Full-disk encryption operates by scrambling all the data on the hard drive. The data can be recovered only by using a secret key.
How to Clear Printer Memory
While some prefer taking all the necessary steps to ensure that the data on the printer is safe, others are more inclined toward clearing printer data entirely. With printers with volatile memory, this is straightforward.
All you need to do is turn on the printer and shut it off for 20 to 30 seconds, and the data will be deleted. This is a standard procedure, as clearing the RAM helps create storage space for new tasks. This process is more complex with nonvolatile printers and depends on the model at hand.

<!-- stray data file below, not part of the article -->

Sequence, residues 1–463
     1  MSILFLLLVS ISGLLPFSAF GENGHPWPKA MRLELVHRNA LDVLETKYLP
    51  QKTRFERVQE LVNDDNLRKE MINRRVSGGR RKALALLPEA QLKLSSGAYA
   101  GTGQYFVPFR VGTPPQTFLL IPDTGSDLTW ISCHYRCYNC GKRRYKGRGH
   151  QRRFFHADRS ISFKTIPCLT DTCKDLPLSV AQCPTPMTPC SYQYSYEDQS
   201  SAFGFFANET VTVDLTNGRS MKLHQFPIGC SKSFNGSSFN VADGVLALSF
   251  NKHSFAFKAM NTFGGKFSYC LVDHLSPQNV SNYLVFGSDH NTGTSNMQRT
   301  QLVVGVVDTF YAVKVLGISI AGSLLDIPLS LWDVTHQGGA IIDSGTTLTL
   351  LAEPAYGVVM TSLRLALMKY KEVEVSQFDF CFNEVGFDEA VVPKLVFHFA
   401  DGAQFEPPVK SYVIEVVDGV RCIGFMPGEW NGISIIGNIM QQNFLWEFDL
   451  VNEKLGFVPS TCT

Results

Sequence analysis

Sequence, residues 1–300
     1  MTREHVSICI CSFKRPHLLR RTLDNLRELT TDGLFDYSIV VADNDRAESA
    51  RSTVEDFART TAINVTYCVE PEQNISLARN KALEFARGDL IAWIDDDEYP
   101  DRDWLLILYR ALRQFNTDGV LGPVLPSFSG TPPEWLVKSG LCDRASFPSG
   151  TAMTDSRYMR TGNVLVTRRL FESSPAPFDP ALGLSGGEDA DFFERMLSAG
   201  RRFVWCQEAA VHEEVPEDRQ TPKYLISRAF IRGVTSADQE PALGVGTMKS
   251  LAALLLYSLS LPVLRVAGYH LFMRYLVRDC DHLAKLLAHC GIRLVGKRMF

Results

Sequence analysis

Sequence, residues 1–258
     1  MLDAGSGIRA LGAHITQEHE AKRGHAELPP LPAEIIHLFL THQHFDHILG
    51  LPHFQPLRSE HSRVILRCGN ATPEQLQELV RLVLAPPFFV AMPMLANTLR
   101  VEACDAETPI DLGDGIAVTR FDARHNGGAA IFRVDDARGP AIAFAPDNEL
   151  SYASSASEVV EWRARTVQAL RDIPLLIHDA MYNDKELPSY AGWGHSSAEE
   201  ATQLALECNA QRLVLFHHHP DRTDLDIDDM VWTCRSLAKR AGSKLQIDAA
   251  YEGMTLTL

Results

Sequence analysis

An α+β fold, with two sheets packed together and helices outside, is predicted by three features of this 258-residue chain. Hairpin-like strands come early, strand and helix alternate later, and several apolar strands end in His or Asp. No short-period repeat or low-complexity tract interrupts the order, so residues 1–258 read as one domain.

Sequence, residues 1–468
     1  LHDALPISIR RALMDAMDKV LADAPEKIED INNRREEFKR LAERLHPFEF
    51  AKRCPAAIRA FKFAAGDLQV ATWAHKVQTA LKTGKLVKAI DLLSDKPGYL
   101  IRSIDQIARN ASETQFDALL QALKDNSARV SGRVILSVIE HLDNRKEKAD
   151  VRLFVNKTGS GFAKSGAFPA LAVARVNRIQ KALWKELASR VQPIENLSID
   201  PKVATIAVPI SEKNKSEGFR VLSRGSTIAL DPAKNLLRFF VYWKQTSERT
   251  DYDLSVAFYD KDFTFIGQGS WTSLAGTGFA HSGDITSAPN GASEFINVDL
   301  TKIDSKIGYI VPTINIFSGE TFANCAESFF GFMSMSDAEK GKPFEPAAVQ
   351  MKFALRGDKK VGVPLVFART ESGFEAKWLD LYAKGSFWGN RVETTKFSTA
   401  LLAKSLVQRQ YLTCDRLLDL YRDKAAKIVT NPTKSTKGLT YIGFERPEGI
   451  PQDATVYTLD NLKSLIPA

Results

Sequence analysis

Can commercial printers store data? This is no longer an issue because today’s printers all have some data storage installed.
The storage is of major benefit as it allows printers to reprint without repeating the entire printing process. The amount of data depends on each printer model individually.
The type of printer memory also depends on the model. Commercial printers with a hard drive store data more permanently, while printers with volatile memory erase the stored data once the power is off.
Also, though a security risk is involved with regular printer maintenance, the risk becomes minimal.
Steve is the president of Citypress and brings a wealth of knowledge from the printing industry to readers, helping them make more informed decisions in an ever changing printing space.